Senator Tom Harkin says the next nominee for the U.S. Supreme Court "should be" a woman.
"In fact, truth be known, about half the supreme court ought to be women and probably about almost half ought to be other minorities to if you really want to reflect the face of America," Harkin says.
Today, one of the nine supreme court justices is a woman, but Justice David Souter announced late last month that he’s retiring and President Obama will nominate a replacement. Harkin, a Democrat, says Obama hasn’t consulted with him about the opening on the nation’s highest court, but Harkin has some suggestions.
"I hope he appoints someone who went to night law school," Harkin says. "Someone who had to work and had to go to night law school and didn’t go to Harvard or Yale or one of those (Ivy League universities)."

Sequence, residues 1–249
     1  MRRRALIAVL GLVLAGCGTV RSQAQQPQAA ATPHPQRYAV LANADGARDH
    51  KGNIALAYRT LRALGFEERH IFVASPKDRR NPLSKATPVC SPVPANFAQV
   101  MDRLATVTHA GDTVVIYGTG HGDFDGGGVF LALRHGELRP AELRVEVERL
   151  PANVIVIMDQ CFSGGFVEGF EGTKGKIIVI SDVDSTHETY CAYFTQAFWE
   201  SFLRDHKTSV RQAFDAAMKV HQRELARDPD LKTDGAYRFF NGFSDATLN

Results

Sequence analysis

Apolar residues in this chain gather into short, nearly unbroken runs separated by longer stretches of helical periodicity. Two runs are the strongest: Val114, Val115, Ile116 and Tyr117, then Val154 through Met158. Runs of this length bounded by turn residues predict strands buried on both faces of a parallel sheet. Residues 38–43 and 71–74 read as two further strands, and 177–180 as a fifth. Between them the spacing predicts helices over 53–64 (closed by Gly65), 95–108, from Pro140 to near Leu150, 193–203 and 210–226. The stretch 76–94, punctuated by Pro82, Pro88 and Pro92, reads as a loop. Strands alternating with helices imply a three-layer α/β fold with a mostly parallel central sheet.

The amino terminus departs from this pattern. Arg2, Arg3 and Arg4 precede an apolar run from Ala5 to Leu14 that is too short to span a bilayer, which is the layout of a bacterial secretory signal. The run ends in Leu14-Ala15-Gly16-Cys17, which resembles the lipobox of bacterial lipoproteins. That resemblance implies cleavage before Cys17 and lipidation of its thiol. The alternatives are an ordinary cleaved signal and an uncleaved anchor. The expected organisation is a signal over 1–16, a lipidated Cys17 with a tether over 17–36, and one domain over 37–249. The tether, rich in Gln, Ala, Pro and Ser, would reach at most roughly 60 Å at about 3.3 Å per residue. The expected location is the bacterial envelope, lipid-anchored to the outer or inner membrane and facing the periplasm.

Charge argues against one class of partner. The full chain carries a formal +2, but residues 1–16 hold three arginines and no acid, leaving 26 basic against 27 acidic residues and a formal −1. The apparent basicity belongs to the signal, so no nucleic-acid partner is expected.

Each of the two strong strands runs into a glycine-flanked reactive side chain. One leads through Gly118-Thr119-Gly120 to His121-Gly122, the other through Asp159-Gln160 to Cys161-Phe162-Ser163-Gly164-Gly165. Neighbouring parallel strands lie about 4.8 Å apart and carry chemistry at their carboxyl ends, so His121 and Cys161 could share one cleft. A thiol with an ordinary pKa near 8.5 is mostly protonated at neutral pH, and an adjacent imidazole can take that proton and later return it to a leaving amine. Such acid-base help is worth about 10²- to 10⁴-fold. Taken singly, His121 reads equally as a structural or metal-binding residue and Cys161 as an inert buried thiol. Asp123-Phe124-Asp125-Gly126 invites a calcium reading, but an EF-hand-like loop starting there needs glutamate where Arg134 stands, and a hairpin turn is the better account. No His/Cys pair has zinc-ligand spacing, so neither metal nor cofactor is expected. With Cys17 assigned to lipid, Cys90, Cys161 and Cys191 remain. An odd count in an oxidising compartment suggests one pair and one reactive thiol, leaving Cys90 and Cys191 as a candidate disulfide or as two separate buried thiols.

Harkin earned his law degree by going to night law school at Catholic University, but during a weekend appearance on Iowa Public Television Harkin laughed when a reporter asked Harkin if he was suggesting he’d make a good nominee for the Supreme Court.
"Are you putting your name forward, senator?" the reporter asked. Harkin replied: "No, I’m not putting my name forward at all…You get my point, I think." Harkin met his wife, Ruth, in night law school.
President Obama and his wife earned their law degrees from Harvard.
Only one of the nine justices on the nation’s highest court earned their degree from a non-Ivy League school. Five of the nine justices on the U.S. Supreme Court earned their law degrees from Harvard; two others got their law degrees from Yale. The only woman on the court attended Harvard, but earned her law degree from Columbia — another Ivy League institution. The only non-Ivy League educated justice earned his degree from Northwestern Law School.